Beneath the surface of a perfect life
We’re all unreliable narrators of our personal stories to some degree, whether we’re comfortable admitting it or not. That may be why these fictional characters intrigue many of us on some visceral level — we recognize the impulse. Most of us are on social media these days, where we share our filtered and carefully curated versions of our lives. The perfect couple. The perfect day. A perfect illusion.
On a more basic level, we tell friends that “everything’s fine” when we’re hurting or soften the truth about real life for our children. We reserve, perhaps, the most undependable actions for the one we love the most. Romance, in its first blush, is far different than a relationship six months, a year or decades later.
Maybe domestic suspense novels featuring unreliable narrators are so popular because they shine a light on our society’s obsession with appearances. We recognize ourselves in the little lies, in the posturing. When we put our best foot forward to flirt with someone we’ve just met, how different those same words and actions can seem after we’ve been together for a while.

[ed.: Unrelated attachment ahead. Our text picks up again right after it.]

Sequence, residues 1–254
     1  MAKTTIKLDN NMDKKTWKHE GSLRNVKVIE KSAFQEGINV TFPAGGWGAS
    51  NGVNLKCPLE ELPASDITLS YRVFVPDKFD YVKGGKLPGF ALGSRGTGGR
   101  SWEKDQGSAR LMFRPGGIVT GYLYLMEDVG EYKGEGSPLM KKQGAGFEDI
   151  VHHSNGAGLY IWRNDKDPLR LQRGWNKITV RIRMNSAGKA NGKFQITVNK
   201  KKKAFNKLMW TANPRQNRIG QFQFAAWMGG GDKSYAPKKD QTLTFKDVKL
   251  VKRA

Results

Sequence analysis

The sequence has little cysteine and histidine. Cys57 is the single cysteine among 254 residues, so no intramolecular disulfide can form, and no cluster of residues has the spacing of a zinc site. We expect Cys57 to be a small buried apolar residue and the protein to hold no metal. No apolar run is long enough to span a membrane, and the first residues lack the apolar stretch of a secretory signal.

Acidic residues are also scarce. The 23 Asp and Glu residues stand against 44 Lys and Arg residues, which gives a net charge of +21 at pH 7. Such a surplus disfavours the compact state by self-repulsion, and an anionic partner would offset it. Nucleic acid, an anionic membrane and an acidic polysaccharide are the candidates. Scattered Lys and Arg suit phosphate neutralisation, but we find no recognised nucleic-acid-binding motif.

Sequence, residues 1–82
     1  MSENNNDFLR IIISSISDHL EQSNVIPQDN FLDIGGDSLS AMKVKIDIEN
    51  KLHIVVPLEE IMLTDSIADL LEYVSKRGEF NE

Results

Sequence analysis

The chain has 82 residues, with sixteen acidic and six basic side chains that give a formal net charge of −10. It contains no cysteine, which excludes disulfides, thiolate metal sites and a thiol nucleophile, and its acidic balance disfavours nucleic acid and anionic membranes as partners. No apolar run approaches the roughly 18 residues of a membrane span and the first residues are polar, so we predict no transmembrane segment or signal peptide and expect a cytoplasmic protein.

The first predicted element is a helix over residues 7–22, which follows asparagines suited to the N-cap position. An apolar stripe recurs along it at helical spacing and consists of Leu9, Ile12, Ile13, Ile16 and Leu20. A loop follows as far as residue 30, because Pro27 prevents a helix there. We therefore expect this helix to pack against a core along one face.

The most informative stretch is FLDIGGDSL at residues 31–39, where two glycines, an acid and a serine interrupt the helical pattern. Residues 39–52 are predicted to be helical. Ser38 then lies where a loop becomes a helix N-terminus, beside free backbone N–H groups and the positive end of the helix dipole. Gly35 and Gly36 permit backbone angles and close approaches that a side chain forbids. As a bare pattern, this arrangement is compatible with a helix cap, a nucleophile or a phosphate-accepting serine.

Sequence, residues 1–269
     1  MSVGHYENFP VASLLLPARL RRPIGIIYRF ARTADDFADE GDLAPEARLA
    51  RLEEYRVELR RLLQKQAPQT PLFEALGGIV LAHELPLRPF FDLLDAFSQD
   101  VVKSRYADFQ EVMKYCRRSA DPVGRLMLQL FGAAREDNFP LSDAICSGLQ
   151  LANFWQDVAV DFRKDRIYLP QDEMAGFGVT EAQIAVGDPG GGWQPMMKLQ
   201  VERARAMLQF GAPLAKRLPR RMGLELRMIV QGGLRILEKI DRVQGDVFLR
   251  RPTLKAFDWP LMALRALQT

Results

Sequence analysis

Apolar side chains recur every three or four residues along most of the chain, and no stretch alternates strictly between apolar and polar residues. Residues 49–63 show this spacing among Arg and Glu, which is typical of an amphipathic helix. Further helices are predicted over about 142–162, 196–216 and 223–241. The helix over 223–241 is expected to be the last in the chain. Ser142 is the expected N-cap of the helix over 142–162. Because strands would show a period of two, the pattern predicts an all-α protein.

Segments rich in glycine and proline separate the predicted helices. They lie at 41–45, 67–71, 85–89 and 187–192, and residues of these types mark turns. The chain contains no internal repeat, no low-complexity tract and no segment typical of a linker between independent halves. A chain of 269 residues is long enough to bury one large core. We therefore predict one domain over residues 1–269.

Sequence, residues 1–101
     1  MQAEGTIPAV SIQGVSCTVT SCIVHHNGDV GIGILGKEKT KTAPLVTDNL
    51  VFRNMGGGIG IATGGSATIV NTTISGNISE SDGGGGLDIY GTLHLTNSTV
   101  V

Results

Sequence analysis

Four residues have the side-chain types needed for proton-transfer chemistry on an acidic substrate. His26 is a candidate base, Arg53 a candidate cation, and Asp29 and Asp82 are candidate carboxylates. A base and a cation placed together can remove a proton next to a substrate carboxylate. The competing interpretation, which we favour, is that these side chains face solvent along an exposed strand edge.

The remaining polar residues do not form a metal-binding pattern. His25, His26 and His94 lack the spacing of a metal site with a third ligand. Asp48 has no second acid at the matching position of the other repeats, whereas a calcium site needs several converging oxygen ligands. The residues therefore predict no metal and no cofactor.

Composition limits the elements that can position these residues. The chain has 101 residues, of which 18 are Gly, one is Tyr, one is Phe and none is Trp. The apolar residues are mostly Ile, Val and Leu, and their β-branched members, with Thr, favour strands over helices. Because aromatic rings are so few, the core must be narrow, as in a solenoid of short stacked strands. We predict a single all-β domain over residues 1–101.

Paul Strom, the creepy protagonist of my new novel, Best Day Ever, takes unreliable to the extreme. He wants you to believe he’s the perfect husband, a loving father, and a successful businessman. He promises his wife, Mia, that the first day of their romantic weekend together will be the best day ever. They’ve been married for years, though. Does she still believe the illusion? I hope you’ll read Best Day Ever to find out.